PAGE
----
Home > Sport > Rugby > Sobering: The Cardiffian reflects on Wales 16-21 England

Sobering: The Cardiffian reflects on Wales 16-21 England

Sport writer Dan Allen investigates what went wrong and what needs to change for Wales to mount a challenge for the RBS Six Nations.

For all the pre-match hype, Wales’s showing on Friday night was a sobering one. Wales started the match with an intensity that reflected the grandiose pre-game antics. But once the blood and thunder of the opening 10 minutes relented, they found themselves squeezed out of the game by a well-drilled English side.

There is no doubt England played well but it the lack of a big performance from Wales is most troubling for the national side. Despite ending the first half with an eight-point cushion, with hindsight, Wales were never really convincing.

Taulupe Faletau’s handling and offload for Rhys Webb’s opening try was sublime. But what was tangible was the fact the Welsh tight-five were driven backwards as he scooped up the ball ­– his brilliance covered up a weak scrum. In international rugby you’re only ever as good as your set piece. And Wales made it extremely difficult for themselves when the pack constantly shunted backwards at scrum time and were dominated in the line-out.

Wales lost their own ball in four out of 14 line-outs and two out of eight scrums. Stats like that don’t often come from test match winning teams. With the ball in hand, the men in red were not much better. Much has been made of Gatland’s “Warrenball” and its effectiveness or, in Friday’s case, lack of. We have all seen giants Jamie Roberts, George North, Alex Cuthbert and company physically dominate opposition back-lines. But on Friday they struggled to make any ground.

There is certainly an argument that, under Gatland, Wales have become predictable. Teams know what they are going to get. England had clearly prepared for a hard, direct running game, with plenty of kicking from hand and that is what Wales gave them. As England started to dominate the match, nothing appeared to change in Gatland’s game plan. This is what must change for Wales, not just for the rest of the tournament but also for the world cup later this year.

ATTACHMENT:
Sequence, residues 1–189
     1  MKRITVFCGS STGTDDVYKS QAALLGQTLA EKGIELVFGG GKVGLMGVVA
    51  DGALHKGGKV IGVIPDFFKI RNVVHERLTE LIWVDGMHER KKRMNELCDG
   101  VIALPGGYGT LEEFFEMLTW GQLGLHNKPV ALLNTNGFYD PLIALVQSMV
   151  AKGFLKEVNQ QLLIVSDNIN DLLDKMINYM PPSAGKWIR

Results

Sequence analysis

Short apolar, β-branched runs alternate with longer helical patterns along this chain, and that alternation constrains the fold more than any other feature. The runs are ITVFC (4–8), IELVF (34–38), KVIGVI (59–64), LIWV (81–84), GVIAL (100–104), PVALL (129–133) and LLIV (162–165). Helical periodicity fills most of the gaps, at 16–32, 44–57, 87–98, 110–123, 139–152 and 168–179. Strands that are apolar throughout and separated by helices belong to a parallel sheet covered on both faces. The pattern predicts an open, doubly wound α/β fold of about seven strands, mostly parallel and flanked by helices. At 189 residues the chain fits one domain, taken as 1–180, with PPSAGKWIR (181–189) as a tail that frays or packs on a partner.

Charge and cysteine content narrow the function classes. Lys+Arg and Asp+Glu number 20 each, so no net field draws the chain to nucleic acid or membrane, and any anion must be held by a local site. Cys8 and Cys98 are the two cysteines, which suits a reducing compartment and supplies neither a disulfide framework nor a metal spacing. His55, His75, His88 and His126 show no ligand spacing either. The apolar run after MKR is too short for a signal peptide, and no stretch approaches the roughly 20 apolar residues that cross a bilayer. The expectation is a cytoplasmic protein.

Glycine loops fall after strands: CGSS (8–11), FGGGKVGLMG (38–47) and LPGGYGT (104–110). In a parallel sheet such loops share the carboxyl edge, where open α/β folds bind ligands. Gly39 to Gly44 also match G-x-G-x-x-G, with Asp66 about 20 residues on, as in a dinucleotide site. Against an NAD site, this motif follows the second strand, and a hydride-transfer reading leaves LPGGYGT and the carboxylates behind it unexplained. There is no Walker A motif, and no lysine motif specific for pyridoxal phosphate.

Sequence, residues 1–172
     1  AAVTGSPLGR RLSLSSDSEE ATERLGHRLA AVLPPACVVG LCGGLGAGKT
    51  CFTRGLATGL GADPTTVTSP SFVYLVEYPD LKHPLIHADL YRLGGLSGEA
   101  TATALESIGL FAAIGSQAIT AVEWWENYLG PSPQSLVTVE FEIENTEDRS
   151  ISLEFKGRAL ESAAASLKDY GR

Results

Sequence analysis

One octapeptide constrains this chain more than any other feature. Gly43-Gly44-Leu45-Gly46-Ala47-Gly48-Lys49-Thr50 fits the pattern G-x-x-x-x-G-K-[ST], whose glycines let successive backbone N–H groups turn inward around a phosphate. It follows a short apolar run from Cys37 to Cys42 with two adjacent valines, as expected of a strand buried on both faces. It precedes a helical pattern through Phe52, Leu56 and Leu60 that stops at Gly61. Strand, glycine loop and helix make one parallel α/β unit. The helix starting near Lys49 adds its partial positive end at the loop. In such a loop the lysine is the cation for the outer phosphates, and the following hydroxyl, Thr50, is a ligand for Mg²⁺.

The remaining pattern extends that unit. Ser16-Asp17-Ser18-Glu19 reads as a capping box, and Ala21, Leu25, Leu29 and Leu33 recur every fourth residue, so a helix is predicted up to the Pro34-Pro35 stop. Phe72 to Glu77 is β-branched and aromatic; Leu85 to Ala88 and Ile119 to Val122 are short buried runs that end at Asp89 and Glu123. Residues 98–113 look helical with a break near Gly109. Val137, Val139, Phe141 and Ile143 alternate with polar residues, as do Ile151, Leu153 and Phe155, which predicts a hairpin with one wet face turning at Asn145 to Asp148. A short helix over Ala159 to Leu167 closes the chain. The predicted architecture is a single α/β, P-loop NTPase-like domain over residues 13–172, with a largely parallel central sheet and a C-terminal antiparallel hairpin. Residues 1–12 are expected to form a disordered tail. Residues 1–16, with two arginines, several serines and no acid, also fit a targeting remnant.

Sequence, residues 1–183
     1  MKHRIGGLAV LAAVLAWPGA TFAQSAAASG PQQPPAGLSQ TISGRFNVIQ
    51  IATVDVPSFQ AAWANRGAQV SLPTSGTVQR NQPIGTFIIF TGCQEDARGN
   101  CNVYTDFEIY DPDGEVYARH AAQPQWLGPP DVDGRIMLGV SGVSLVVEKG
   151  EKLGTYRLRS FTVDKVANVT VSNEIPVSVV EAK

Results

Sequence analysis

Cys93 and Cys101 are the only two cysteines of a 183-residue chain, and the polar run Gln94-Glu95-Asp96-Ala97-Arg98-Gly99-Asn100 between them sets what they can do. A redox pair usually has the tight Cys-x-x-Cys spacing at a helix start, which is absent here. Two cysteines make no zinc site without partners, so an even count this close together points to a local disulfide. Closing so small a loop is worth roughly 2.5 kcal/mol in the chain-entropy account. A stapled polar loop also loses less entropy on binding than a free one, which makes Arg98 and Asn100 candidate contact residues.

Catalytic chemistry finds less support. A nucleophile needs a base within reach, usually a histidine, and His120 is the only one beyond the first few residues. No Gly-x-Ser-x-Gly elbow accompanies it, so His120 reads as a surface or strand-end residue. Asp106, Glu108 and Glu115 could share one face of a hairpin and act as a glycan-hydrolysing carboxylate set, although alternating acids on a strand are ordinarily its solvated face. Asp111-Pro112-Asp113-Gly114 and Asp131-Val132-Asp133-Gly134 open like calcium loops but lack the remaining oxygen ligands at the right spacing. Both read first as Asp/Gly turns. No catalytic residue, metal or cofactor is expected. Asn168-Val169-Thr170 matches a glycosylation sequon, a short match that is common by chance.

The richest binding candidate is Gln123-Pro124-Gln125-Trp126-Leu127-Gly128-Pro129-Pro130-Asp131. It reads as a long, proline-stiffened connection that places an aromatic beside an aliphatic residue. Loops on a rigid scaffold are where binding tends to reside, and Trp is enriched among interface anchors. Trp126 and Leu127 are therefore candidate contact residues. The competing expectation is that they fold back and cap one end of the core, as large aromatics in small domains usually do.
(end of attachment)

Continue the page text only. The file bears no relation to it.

DA_LeighHalfpenny

World Class? Leigh Halfpenny 

Still, however poor Wales were by their own standards, there is no need to panic. This is a team full of Lions stars who, let us not forget, beat South Africa less than three months ago. Wales’s first 15 is littered with world class players, from Alun Wyn Jones to Leigh Halfpenny and Jamie Roberts, who has been in scintillating form recently. Players of this calibre do not become poor overnight. But at Murrayfield against a rejuvenated Scotland under Vern Cotter, they will face a stern test.

They cannot afford to be so one dimensional again. Gatland must work on ways to change up attacking play with his players. If a side prepares to nullify their standard power game there must be something else to bring an element of surprise. Yet, there is no need for this Welsh squad to try and change their DNA. They are built to play the way they do, with big power runners used as battering rams to bully opposition into submission. And this can still work. But direct style relies on a solid set piece and quick ball as a foundation, meaning Wales must execute the basics better in order to impose themselves on the Scots this weekend.

With only four regions playing top-level rugby, Wales are not a side blessed with depth, yet there are still players who can offer something different. Liam Williams is an exciting player in electric form who offers a more swashbuckling alternative to a brutish back-line. With, George North a doubt after his concussion and Alex Cuthbert largely ineffective, he certainly has a case for inclusion.

Thought should also be given to Justin Tipuric whose partnership with Sam Warburton in the back row tormented England  last time the sides met. Wales must stay calm. With a few tweaks, this side still has much to offer.

Looking ahead to Sunday’s clash Wales are still sweating on the fitness of Samson Lee. The front-row forward is suffering from concussion and will under go further tests before returning to training this week.

Despite suffering two heavy blows to the head on Friday, Wales are confident North will be fit to face Scotland at Murrayfield on Sunday.

DA_SAMSONLEEGatland will sweat on the fitness of Samson Lee

You may also like
Wales vs Hungary Euro 2020 qualifier: What Welsh fans think
Vice-President of Hungarian ruling party says Cardiff is ‘very nice’ with ‘good beer’
Volunteers open Repair café at new venue in Canton
Expanding Caerau and Ely club needs rugby volunteers